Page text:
Cyber News and Threats – 4th July 2017
Here are some of the latest updates on cyber threats and news that we’ve picked up in the last couple of weeks, including the NCSC weekly update for 30 June. All updates are open source and links given:
Passwords have been in the news again recently. Most notably, on Friday 23 June accounts with weak passwords on the UK Parliamentary network were compromised; however less than 1% of the system’s 9,000 accounts were directly affected. Attention was also drawn last week to router password vulnerabilities, as Virgin Media advised customers with Virgin Super Hub 2 home routers to reset their passwords. This followed concerns that the routers had a relatively weak eight-character default password consisting of lower case letters that could be cracked in four days, potentially allowing access to other home devices. Routers supplied by other service providers may also come with default passwords.
Passwords also featured in Ciaran Martin’s interview with BBC’s Today programme (Friday 30 June, 0810) where he recommended that two-factor authentication be used so that a stolen password is much less valuable to a criminal.
National Cyber Security Centre (NCSC) password guidance can be found here.
A portion of Microsoft Windows 10 Source code leaked online
Microsoft have confirmed a portion of its source code has been leaked online. The initial source of the leak is unknown; however, the content was posted to Beta Archive, one of the largest online ‘Beta and Abandonware’ repositories for prototype software. The leaked content was 1.2GB in size and has since been removed from the Beta Archive site.
While Microsoft has responded to this incident, questions have been raised about how the source code was originally obtained.
Disgruntled ex-employee conducts Smart Meter Network attack
A former radio frequency engineer used information about systems he had worked on to disable meter reading equipment at several US water utility companies. The individual has since been convicted of two counts of “unauthorized access to a protected computer and thereby recklessly causing damage” and has been sentenced to 12 months in prison.
Cyber crime trends and statistics in 2016
The FBI have recently published their annual internet crime report. The trending topics for 2016 were Business Email Compromise (BEC), ransomware, technical support fraud and extortion.
A total of 298,728 complaints were received, with reported losses in excess of $1.3 billion. The FBI estimate that only 15 percent of fraud victims in the US report their crimes to law enforcement.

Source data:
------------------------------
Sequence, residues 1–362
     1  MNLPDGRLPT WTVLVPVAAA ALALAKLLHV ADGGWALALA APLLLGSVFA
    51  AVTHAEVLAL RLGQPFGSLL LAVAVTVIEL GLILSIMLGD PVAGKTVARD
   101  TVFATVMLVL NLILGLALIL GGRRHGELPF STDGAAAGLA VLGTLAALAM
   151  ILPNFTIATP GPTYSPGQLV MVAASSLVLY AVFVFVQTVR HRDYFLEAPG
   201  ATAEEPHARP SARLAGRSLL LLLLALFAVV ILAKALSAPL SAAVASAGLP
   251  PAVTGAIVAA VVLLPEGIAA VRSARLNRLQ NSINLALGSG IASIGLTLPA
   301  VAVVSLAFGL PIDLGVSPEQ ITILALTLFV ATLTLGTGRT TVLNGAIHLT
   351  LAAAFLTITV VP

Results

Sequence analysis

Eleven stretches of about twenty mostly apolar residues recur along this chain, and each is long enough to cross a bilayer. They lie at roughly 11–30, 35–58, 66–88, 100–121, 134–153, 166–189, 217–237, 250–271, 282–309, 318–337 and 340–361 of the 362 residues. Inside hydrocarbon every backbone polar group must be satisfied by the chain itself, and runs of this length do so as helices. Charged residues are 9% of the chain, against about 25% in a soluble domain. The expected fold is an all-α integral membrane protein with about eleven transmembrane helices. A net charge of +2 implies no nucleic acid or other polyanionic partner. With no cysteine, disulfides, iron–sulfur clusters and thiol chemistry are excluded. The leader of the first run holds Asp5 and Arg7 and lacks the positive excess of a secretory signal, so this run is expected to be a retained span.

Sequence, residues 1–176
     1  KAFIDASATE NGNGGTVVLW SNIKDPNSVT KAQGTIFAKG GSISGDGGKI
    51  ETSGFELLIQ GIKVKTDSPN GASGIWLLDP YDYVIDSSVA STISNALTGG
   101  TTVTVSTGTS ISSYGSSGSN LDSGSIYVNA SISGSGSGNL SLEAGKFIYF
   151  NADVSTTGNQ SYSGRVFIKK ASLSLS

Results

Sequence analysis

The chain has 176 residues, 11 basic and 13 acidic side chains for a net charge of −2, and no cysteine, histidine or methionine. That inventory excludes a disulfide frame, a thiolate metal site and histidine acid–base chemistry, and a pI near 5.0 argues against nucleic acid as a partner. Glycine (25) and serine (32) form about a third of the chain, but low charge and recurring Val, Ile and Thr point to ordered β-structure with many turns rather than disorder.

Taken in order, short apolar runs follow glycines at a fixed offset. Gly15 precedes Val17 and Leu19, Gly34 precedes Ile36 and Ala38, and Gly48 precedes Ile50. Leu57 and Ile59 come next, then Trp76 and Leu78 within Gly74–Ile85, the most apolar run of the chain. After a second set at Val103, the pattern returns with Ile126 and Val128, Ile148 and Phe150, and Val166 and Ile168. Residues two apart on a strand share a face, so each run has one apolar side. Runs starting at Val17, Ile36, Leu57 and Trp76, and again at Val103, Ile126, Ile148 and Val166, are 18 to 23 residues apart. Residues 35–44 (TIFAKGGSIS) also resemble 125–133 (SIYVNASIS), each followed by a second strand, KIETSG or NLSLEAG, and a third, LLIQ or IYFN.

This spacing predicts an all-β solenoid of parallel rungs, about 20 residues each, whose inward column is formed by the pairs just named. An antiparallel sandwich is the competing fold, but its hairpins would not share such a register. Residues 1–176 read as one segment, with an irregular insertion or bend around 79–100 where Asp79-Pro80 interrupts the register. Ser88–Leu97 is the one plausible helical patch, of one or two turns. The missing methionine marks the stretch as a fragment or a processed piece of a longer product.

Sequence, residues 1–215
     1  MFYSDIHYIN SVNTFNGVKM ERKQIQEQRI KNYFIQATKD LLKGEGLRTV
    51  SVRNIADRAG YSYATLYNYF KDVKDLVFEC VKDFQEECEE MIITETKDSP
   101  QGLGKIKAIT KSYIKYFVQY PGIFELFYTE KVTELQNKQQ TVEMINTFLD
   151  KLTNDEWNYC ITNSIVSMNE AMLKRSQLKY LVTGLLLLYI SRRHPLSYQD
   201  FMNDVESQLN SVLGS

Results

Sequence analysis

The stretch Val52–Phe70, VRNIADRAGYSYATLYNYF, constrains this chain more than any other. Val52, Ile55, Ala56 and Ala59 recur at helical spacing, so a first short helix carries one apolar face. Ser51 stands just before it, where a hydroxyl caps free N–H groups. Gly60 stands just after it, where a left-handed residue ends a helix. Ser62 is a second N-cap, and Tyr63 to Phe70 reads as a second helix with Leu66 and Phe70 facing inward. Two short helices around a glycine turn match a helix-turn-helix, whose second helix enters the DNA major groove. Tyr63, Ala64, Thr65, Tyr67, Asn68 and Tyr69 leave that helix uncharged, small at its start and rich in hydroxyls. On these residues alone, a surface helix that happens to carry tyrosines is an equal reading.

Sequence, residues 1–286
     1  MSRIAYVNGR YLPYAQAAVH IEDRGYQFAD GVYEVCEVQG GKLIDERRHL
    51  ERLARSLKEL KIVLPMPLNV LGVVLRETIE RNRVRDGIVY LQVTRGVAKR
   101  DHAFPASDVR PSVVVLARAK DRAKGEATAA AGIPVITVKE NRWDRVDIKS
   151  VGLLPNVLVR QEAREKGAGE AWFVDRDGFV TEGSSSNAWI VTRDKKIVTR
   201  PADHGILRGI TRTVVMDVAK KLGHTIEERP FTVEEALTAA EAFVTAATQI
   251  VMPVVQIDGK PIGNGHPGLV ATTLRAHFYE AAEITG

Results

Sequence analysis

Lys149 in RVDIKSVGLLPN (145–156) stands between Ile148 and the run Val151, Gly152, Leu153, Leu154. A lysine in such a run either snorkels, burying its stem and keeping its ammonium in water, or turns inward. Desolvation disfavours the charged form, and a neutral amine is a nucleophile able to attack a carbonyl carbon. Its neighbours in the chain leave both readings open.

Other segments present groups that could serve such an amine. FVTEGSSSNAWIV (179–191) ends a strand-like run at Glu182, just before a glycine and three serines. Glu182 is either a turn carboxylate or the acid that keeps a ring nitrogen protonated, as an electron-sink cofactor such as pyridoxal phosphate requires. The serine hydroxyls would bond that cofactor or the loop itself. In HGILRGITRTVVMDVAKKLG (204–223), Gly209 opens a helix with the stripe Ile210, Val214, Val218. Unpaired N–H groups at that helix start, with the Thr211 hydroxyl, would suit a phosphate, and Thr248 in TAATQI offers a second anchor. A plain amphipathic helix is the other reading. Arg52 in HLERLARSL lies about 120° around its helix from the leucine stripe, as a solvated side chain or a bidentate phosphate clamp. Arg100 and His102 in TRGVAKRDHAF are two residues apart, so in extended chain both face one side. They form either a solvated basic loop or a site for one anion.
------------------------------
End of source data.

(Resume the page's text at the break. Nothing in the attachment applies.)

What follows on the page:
The UK’s National Crime Agency (NCA) considers underreporting a huge barrier to understanding the true scale and cost of cyber crime. The reasons for underreporting include reputational damage; not knowing who to report the crime to; what constitutes a cyber crime; and being unaware that a crime has taken place.
Although figures in the FBI report are not directly comparable with UK statistics, they do indicate similarities in overall trends such as the increase in ransomware crimes, BEC compromise and technical support fraud.
The NCSC has guidance for businesses in understanding the cybercrime model and for members on the public how to protect against cyber crime and what to do if you think you have been the victim of a cyber crime.
Ransomware tool causes widespread disruption
On Tuesday 27 June, widespread disruption was caused in Ukraine by a ransomware tool that spread to other organisations worldwide via trusted networks. The ransomware tool, with similarities to the Petya ransomware that first struck in early 2016, was inserted into a compulsory software update for Ukrainian financial and government institutions.
The NCSC announced on Thursday 29 June that while managing the impact to the UK, its experts had found evidence that questioned initial judgements that the intention of this malware was to collect a ransom. The NCSC is investigating with the NCA and industry whether the intent was to disrupt rather than for any financial gain.
The malware has spread to a number of organisations worldwide that do business with Ukraine, including Russia’s oil firm Rosneft, Danish shipping concern Maersk and a large UK advertising agency.
Whilst this latest ransomware infection is more limited in scale than the WannaCry, it is assessed that the success of these two incidents are likely to motivate other actors who aim to cause widespread disruption to employ “ransomware” to do so.